Julie Amero Update – Porn Queen or Spyware Victim???

March 5, 2007

There don’t seem to be too many people left who actually believe that Julie Amero was deliberately attempting to expose children to pornographic images. (The notable exceptions to that appear to be the prosecutor in Connecticut). I wrote about this case in more detail here.

Last week the Judge Hillary Strickbein postponed sentencing until March 29th at the request of the defence team. Apparently the postponement had been requested in order to give a new attorney and consultant time to familiarize themselves with the case.

With most of the supposedly “expert” technical evidence apparently having been discredited, Assistant State’s Attorney David Smith claims that Ms Amero did not do enough to protect the children from exposure to pornography, (eg shutting down the computer).  The substitute teacher had already informed colleagues that there was a problem with pop-ups on the PC, and had been told to ignore them. She was also under instruction NOT to turn off the PC.

I wonder if Mr Smith will use the same logic to pursue the individuals responsible for ensuring the school had proper technology in place to protect them from spyware. And whoever was responsible for ensuring teachers had full training on the PC’s. And whoever allowed the PC’s to be implemented without effective password controls. And whoever wrote and circulated the spyware that infected the PC in the first place.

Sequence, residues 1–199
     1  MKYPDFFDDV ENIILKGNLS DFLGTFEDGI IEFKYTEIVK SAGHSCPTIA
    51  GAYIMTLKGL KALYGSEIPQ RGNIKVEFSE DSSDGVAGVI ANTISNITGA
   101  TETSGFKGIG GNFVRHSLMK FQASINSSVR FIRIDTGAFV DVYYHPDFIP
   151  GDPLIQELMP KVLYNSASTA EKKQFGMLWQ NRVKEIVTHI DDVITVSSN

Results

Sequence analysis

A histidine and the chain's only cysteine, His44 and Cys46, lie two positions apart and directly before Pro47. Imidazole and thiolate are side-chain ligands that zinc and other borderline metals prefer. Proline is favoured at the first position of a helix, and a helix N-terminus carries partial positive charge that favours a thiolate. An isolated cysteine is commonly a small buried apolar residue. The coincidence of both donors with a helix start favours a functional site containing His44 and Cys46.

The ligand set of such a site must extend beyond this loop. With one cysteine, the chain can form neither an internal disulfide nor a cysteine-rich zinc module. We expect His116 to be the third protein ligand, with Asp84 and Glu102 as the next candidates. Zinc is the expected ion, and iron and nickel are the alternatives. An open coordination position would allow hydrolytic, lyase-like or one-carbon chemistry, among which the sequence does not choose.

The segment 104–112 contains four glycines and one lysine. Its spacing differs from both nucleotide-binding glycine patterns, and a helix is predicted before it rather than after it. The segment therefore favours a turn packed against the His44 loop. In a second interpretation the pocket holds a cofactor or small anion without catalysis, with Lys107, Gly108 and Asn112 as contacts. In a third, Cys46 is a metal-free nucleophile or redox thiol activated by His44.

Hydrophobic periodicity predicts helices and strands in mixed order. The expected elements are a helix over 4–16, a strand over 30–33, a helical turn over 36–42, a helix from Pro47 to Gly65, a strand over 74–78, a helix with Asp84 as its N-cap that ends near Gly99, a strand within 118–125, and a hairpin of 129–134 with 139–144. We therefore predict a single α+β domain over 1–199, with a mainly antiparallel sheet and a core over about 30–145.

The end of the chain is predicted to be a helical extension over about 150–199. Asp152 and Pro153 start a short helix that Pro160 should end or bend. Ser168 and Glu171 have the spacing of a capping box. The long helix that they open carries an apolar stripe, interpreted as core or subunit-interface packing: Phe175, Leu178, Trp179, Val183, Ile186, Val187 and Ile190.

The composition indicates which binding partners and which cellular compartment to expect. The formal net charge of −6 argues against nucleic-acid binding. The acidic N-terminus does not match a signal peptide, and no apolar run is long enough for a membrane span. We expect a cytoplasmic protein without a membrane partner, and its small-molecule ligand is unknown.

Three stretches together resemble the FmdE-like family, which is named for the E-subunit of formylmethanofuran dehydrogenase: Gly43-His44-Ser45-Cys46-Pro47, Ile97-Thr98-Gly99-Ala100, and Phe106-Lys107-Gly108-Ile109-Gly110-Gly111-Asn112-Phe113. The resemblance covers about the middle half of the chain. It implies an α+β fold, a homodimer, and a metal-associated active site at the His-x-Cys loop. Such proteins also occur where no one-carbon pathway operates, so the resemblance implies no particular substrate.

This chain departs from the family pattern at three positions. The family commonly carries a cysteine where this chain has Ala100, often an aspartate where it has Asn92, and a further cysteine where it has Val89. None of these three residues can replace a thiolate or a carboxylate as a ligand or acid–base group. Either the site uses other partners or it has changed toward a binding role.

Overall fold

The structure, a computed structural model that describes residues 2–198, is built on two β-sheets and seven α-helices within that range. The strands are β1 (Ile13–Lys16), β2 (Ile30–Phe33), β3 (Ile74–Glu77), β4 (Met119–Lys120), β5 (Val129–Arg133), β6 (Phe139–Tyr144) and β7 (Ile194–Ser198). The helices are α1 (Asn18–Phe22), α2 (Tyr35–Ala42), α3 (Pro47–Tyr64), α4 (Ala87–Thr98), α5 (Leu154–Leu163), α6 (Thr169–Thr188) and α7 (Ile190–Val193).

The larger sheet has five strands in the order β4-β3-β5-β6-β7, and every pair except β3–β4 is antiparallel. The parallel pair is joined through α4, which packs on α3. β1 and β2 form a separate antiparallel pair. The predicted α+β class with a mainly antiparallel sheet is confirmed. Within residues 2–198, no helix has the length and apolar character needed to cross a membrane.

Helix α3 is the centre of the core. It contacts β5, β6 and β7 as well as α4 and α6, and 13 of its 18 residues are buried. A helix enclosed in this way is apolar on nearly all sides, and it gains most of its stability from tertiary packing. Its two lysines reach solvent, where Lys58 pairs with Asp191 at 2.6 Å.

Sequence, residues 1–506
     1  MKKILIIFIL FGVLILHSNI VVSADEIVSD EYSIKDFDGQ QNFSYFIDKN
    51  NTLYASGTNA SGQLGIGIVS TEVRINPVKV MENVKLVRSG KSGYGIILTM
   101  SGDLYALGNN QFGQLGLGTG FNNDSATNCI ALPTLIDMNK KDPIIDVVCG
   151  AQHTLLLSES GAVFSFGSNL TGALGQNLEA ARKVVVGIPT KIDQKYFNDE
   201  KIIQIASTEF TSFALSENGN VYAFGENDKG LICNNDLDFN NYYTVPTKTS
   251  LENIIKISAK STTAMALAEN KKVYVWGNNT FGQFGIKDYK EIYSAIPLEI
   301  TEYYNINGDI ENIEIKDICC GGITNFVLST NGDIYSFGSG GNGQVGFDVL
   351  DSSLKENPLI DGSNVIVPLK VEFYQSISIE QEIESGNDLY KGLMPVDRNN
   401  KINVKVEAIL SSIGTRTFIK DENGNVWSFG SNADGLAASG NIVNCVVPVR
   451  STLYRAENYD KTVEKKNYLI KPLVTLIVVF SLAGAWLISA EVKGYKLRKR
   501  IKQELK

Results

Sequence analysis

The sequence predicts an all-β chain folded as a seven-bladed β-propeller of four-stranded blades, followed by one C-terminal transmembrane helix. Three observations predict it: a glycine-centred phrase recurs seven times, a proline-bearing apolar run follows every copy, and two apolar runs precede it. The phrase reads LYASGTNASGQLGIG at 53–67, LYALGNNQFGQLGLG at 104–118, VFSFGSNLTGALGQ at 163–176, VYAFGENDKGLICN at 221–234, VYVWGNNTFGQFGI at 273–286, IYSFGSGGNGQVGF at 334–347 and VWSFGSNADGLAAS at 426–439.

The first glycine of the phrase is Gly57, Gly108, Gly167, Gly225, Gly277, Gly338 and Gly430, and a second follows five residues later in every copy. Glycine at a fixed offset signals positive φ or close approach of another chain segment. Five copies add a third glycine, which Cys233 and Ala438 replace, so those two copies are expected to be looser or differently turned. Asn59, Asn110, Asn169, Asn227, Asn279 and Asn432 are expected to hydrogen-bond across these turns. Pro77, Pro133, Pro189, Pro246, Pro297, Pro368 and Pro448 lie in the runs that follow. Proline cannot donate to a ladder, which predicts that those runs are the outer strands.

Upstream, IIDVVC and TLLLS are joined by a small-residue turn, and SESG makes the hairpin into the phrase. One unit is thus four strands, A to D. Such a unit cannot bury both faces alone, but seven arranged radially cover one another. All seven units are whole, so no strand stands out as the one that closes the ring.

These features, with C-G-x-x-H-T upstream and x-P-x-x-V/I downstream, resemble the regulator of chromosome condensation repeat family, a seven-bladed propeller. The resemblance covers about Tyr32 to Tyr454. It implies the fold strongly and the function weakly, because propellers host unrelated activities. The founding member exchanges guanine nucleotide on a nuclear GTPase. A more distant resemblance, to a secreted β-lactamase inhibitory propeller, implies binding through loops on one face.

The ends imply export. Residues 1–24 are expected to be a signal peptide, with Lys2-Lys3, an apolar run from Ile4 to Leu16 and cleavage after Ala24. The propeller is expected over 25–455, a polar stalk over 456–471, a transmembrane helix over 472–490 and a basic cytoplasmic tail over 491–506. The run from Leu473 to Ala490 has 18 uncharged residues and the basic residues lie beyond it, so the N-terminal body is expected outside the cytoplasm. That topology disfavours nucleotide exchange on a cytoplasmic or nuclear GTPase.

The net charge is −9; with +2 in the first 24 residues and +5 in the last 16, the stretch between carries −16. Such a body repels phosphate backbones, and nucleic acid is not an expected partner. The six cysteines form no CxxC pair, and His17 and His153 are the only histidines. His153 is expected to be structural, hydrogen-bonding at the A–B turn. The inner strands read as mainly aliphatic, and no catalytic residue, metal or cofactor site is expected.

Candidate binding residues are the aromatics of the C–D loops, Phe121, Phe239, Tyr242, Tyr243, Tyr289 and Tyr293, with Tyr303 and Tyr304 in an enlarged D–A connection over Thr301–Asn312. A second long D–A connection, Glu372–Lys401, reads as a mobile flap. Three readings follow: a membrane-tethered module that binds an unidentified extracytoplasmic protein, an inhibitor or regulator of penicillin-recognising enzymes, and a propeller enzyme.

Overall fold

Based on what I’ve read of the case to date, Julie Amero should be way down the list of people culpable for this. If Assistant State’s Attorney David Smith was hoping to make a name for himself out of this case, then he has certainly succeeded. Sadly though it looks as though justice, (and Julie Amero) were poorly served in the process.


Reads this if you use online banking

February 27, 2007

Ever heard of phishing? It’s the process whereby someone tries to lure you into divulging personal details, (username, password, account details etc), usually by sending you a mail that appears to come from your bank explaining that their servers are to be upgraded, and asking you to follow the link and re-enter all your details.

Well, last week a major pharming attack hit users of 65 banks in the US, Europe and Australia. Pharming is kind of a step up from phishing, because you don’t need to click on a link in an email. Basically what it does is recognise when you wype in the url for your banks site, and redirect those requests a duplicate site. In last weeks case, all the information keyed in by users was subsequently forwarded to the banks in question, which of course makes the problem harder to detect. But by the time the banks received the information entered it had already been captured by the guys behind the scam.

According to Yahoo news, target institutions included Bank of Scotland, Barclays Bank, eBay, Paypal, Discover Card & American Express.